We have just given an example of dynamic memory management, in which memory resources are allocated whenever they are needed, and freed whenever they are not necessary anymore. This is a very important aspect, since it defines the modalities by which programs interact with machine memory in order to store the data they require.
Actually, we have already seen at the beginning of the course that in Java we have the ability to allocate memory by creating new objects. This is done by means of the new operator that invokes a constructor of a class. In this case, we need to use a distinct variable for each element that we want to store and manipulate in the program.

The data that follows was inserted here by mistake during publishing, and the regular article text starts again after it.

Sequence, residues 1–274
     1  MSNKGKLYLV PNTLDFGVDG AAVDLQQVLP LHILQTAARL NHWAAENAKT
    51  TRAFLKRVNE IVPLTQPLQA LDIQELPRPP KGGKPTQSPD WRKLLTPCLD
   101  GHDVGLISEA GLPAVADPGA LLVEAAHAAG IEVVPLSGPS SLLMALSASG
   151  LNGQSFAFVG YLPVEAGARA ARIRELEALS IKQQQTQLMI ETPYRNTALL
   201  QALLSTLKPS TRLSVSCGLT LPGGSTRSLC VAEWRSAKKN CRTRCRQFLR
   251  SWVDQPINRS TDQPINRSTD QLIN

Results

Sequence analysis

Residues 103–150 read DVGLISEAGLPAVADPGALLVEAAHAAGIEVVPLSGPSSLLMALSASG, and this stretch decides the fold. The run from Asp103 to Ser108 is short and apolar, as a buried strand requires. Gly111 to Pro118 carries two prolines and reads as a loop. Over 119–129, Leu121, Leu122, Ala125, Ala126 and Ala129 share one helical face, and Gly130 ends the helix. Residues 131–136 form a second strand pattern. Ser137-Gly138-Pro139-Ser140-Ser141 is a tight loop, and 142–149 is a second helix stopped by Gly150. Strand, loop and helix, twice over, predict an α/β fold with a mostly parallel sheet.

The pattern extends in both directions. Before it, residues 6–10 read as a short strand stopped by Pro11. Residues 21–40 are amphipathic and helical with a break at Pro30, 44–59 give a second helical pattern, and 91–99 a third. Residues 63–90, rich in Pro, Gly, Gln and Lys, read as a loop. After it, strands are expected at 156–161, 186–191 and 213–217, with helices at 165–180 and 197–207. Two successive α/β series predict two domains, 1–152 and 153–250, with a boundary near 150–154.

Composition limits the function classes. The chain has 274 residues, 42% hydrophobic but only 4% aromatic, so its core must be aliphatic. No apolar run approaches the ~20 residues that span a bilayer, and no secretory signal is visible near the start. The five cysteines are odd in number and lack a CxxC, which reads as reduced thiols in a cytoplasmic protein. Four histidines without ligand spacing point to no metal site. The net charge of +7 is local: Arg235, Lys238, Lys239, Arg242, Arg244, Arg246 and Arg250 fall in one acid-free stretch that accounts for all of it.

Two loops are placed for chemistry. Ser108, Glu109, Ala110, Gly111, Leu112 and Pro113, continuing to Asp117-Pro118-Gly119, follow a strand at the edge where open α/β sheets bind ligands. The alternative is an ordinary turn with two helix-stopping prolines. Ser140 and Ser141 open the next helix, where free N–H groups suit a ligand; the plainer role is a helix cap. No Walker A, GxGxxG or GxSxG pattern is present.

When we want to define and manipulate collections of objects, we need an additional mechanism to allocate memory dynamically, that should take into account that, in general, the number of elements in the collection we have to deal with is not known a priori. Linked lists, which we are introducing now, are defined precisely in such a way as to allow for dynamically allocating and deallocating memory, depending on the requirements of the application.
As opposed to the dynamic memory management provided by lists, we could say that with arrays we have a static memory management, since their size cannot be changed, once they are created.